Thanks Essexman.

I appreciate the importance of frequent oil changes and already do what you recommend. On my present car it is possible to remove virtually all the oil (I have checked!) through the dipstick hole, making the job very easy, compared with removing the shield below the engine and draining the oil. I have had no problem with the turbocharger or anything else related to the engine so far. I have changed oil and done some other jobs more frequently than recommended with every car and motorcycle I have owned.

The point you make about the larger physical size of diesel engines can sometimes be very important, so perhaps the best way forward is to ask about servicing costs of models I am considering.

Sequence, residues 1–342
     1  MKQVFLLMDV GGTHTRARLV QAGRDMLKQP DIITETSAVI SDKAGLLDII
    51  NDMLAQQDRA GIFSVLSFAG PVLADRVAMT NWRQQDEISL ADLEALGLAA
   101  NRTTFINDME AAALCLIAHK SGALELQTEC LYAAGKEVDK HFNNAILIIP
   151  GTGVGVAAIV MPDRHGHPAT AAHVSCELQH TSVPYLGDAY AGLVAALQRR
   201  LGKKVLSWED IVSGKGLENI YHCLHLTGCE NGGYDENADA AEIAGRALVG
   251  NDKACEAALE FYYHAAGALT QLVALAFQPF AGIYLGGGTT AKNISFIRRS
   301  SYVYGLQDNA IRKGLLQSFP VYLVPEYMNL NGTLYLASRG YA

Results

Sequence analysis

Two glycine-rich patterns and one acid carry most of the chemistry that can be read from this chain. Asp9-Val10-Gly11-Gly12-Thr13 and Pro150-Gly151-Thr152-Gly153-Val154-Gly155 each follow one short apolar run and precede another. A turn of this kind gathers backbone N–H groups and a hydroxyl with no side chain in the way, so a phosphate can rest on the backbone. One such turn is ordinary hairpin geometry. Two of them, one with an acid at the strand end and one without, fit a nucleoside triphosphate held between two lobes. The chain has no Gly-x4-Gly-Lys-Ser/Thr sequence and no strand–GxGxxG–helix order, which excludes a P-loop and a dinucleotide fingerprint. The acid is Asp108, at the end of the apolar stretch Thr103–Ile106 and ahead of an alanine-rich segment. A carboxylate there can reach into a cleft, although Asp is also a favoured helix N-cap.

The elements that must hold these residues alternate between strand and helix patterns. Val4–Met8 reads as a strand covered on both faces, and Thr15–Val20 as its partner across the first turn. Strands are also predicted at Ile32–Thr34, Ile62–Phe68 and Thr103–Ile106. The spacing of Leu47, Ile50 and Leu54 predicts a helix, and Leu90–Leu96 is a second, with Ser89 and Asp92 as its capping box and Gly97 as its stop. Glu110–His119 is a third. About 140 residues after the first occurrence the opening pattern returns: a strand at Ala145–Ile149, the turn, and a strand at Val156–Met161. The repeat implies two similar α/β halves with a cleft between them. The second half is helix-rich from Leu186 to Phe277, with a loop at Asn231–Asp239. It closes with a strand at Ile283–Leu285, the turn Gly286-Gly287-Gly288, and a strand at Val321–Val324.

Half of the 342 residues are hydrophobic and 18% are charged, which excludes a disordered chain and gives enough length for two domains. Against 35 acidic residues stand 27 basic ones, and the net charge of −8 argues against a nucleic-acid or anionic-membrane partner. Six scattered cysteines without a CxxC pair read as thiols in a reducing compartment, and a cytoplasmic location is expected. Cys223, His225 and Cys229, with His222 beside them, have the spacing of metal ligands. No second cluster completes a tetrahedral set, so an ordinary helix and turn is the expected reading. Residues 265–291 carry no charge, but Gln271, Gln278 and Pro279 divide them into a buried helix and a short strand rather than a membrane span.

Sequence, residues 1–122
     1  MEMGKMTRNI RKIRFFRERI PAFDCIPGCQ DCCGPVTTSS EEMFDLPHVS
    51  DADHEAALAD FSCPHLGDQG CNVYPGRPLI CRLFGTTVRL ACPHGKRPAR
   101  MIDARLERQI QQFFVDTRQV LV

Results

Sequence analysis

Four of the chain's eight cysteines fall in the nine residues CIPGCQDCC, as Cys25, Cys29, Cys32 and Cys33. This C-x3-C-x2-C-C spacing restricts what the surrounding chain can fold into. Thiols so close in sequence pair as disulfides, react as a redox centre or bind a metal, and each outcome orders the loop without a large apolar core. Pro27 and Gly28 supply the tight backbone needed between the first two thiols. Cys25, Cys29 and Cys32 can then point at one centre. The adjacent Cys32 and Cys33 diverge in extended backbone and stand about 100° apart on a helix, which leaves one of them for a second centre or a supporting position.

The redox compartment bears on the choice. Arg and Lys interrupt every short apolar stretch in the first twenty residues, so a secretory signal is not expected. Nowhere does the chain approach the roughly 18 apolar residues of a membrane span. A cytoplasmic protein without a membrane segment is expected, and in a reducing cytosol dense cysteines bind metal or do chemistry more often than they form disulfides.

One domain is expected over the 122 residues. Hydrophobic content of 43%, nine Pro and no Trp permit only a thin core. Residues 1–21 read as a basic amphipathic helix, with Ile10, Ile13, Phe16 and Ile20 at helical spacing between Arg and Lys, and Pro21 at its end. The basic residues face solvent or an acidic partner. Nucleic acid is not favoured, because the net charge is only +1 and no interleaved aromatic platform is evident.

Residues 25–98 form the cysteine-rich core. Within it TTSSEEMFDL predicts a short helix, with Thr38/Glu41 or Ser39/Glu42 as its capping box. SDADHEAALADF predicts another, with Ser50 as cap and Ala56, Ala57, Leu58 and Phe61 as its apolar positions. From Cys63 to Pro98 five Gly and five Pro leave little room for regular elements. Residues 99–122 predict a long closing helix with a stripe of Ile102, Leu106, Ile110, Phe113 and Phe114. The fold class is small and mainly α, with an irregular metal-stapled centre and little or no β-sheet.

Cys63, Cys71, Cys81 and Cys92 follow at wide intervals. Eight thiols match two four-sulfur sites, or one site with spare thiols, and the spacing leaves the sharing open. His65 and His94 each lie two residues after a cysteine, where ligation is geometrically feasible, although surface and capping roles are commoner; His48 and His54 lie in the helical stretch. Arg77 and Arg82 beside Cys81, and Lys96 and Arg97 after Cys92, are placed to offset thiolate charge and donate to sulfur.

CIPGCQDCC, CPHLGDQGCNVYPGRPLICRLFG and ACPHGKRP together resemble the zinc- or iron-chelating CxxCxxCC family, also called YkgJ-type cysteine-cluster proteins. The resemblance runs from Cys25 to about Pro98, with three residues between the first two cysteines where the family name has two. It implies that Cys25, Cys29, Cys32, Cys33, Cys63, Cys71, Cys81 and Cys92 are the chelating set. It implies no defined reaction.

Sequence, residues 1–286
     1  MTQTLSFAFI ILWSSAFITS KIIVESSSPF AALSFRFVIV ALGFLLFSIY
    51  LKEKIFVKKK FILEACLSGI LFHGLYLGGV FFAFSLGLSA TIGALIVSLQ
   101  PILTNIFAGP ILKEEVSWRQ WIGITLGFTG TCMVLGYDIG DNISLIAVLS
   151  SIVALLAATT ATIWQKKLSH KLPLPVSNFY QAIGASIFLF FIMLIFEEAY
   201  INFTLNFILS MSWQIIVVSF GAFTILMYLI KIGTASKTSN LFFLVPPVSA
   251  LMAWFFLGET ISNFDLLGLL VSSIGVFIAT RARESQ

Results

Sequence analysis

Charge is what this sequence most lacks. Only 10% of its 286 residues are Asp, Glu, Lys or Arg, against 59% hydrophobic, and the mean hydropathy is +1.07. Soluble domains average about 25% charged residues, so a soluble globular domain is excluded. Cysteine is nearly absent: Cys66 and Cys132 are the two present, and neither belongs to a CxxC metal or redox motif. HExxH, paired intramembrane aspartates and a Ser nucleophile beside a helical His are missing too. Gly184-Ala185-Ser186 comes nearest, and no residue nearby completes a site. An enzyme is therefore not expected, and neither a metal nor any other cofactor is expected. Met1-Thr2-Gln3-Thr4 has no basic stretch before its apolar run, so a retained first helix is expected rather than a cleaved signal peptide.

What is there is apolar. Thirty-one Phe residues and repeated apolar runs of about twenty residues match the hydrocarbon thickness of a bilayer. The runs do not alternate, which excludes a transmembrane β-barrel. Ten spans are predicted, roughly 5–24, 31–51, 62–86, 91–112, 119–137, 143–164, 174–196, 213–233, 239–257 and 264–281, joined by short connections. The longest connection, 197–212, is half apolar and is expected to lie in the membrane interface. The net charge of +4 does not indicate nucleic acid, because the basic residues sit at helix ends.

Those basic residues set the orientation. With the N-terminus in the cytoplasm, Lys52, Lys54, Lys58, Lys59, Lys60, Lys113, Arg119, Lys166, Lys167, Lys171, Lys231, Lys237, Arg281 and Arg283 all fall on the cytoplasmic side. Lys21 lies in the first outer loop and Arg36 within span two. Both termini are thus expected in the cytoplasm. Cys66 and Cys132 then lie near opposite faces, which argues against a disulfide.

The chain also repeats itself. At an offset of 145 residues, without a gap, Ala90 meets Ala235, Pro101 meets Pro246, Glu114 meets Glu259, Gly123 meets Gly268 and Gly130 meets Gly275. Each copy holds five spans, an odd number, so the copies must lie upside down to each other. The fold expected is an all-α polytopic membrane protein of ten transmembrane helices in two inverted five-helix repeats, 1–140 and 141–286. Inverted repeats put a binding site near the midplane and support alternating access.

Incidentally, one of the ways that a VW main dealer let me down was by not attending to the fuel filter and then claiming that it was not a service item. I got an apology, a free brake fluid change and a fancy loan car in recompense.


When electric cars can do 200 miles on a single charge at night in winter I will consider buying one but not before.The motor industry might like to consider producing electric VANS as lots of tradesmen spend a lot of time travelling locally.

Essexman says:
20 March 2012

How do people who have to park in the street cope with charging electric cars? Not really practical to have a flex going across a pavement overnight to your car all night from your house..and that’s if you can find a space outside your house.